Policy makers will need to reduce these taxes if they are to make real progress in opening up employment opportunities and reducing the unhappy spectre of 20 per cent youth unemployment.Youth unemployment has risen to the highest level on record raising concerns about the effect of Britain’s tax system and employment laws on enterprise and employment opportunities. Figures released by the Office of National Statistics have shown unemployment among 16-24 year olds to have risen by 32,000 in the three months to November 2010, bringing the youth total to 951,000. The figure equates to a youth unemployment rate of nearly 20 per cent. Overall unemployment rose by 49,000 to 2.5m, or 7.9 per cent of the workforce. TUC general secretary Brendan Barber highlighted the damage:
“With more than a fifth of young people out of work, we face a real danger of losing another generation of young people to unemployment and wasted ambition.”

Meanwhile, Christine Braddock, president of the Birmingham Chamber of Commerce stressed the need for action to tackle the problem and prevent more ‘wasted ambition’ in the West Midlands, the region which saw the largest rise in unemployment to 9.9 per cent:
“These latest shocking figures are even more reason for  the government to provide businesses with the freedom to create jobs and wealth.”

[caption id="" align="alignright" width="261" caption="Employment alternatives"][/caption]

High minimum wages may simply put businesses off hiring some hard-to-employ young people (an unemployed 20 year old does not become more attractive to potential employers simply because he reaches his 21st birthday and must be paid £5.93 an hour instead of £4.92) and our restrictive planning regime may hold up a workplace from being able to expand but most prominent among the restrictions has to be tax and the ‘tax wedge’ it creates between jobseekers and employers.

Many different taxes act as disincentives for the economic activity which prompts businesses to create jobs.

1. VAT shrinks the amount a company captures from the value it creates for its customers. A business which might survive without VAT may find it cannot if its customers have to pay an additional 20 pence to the Treasury for every pound they give to the business. VAT particularly hits the retail and catering sector, where young people are disproportionately employed.

2. Corporation Tax reduces the financial benefit companies earn from the investments they make. When executives calculate the probable returns for their shareholders when they are deciding whether or not a project is viable, Corporation Tax is a major cost. Some projects will be worthwhile anyway, but some will no longer be worthwhile to the company because of the tax and won’t go ahead, meaning fewer jobs.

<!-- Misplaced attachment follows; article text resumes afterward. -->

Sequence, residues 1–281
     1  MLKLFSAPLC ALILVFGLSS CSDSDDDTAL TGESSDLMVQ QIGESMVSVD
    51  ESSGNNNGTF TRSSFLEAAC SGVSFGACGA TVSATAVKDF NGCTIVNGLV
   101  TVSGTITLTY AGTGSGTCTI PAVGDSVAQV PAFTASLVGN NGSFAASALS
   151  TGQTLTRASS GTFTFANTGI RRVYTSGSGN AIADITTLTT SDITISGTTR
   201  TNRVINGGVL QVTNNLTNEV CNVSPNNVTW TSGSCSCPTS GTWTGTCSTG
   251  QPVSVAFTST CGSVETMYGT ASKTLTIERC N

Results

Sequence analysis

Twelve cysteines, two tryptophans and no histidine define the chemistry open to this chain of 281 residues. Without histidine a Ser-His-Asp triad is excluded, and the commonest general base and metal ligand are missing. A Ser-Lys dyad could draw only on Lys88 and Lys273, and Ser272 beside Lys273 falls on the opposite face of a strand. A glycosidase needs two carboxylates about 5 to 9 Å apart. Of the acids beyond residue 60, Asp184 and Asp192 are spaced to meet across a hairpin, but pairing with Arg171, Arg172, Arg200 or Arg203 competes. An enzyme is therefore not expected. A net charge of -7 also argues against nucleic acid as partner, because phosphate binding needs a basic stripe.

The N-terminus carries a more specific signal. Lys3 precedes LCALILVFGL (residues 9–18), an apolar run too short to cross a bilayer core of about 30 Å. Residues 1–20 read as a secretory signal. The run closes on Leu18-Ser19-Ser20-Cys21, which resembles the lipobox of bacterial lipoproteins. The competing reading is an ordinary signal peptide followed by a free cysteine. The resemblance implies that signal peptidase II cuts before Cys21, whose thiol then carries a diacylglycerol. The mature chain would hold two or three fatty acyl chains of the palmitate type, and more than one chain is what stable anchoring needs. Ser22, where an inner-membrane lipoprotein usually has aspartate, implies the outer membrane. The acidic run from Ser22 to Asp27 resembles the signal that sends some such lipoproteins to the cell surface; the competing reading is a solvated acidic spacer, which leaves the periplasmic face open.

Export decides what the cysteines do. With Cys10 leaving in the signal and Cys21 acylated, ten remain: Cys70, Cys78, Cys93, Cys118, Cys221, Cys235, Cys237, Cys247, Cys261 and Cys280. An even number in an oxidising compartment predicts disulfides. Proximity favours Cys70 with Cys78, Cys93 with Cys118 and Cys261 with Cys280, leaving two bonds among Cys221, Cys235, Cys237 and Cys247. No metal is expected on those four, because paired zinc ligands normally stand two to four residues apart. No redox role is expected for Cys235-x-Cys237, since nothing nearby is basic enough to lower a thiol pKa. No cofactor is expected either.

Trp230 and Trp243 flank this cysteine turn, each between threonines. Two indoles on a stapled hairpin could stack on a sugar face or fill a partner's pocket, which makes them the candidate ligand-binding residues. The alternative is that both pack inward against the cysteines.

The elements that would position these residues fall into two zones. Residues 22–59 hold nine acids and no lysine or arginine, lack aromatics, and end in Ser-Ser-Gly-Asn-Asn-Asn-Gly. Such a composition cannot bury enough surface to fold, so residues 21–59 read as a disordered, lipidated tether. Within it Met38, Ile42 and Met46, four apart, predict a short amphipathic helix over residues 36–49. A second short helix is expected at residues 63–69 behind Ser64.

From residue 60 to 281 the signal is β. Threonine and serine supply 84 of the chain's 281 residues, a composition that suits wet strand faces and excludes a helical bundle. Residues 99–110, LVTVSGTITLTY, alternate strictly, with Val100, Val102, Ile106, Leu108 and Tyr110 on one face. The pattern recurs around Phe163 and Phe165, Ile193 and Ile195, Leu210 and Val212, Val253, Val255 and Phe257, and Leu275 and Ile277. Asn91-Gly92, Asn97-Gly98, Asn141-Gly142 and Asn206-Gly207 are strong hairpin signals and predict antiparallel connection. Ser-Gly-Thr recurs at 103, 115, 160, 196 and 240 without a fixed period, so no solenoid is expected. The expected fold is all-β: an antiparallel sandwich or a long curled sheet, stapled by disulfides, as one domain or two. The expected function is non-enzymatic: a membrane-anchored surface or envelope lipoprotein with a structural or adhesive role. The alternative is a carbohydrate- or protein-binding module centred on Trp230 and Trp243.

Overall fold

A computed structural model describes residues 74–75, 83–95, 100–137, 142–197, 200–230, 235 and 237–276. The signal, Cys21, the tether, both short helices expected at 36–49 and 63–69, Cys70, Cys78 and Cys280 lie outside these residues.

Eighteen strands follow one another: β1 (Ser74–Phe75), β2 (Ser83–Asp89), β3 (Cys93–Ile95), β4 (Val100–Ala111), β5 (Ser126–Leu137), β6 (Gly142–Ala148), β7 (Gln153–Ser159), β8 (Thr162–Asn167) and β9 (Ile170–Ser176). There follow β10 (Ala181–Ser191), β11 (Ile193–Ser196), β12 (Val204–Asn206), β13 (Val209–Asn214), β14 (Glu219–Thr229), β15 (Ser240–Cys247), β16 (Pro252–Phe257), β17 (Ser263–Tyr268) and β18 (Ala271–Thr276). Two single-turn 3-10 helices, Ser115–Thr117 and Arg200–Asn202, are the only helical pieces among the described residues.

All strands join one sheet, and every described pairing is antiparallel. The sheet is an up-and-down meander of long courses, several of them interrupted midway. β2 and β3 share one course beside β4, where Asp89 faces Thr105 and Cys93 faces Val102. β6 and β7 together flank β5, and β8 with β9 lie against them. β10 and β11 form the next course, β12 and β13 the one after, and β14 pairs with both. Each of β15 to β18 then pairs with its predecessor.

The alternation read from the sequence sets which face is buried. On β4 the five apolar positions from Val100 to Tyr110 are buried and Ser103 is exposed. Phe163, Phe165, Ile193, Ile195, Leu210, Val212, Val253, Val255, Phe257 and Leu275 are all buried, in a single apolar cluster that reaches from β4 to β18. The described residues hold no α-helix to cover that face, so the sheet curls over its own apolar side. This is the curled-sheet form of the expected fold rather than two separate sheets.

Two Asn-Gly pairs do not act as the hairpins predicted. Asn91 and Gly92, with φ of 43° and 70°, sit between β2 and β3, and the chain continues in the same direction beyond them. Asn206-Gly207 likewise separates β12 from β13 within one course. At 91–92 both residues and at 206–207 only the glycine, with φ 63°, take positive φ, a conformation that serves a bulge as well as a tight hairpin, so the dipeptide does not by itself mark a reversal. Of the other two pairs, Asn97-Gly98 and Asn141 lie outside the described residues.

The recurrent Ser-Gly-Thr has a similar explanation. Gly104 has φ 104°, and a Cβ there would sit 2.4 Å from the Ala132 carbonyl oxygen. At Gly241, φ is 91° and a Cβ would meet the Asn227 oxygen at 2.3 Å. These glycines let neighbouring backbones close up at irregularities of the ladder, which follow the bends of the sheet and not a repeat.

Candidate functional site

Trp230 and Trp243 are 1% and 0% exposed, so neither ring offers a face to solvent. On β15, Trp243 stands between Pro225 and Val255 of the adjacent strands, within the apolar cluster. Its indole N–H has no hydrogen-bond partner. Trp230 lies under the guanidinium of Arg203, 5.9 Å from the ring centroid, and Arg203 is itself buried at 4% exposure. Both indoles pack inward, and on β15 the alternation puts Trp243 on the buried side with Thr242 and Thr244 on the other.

3. Employers’ National Insurance (NI). Aka the ‘tax on jobs’. When a business is deciding whether or not to create a job, an important additional cost is the employer’s NI. Employees don’t always notice this tax as it’s not detailed on payslips. But employers have to work out whether an employee is worth not just the salary and costs they see on the payslip, but also those like this that they don’t. To be employable, a jobseeker must be worth the combined sum of both his salary and his ‘job tax’.

4. Income Tax reduces the value of a job to an employee relative to unemployment. Without income tax (and employee’s NI, which is effectively an additional income tax) a job would offer the full financial appeal on offer from the employer but this is significantly lessened thanks to income taxes. An employee on minimum wage only needs to work 19 hours a week before he starts to pay employee’s NI and if he works 23 hours a week he’ll also be paying Income Tax. At the relatively low level of pay of minimum wage, small changes make a big difference to the calculation of whether or not all the hassle, effort and stress of finding a job and then keeping it is worth giving up the various benefits and more free time available to the unemployed.

5. Duties, business rates, Inheritance Tax and other taxes all have a negative effect on employment. Any tax will create a disincentive to the activity being taxed and that ultimately translates into fewer jobs. Business rates, for example, provides an additional cost to moving to bigger premises while inheritance tax may reduce the effect that inheritance has been shown to have in increasing self-employment rates.

Policy makers will need to reduce these taxes if they are to make real progress in opening up employment opportunities and reducing the unhappy spectre of 20 per cent youth unemployment.

Latest Blogs: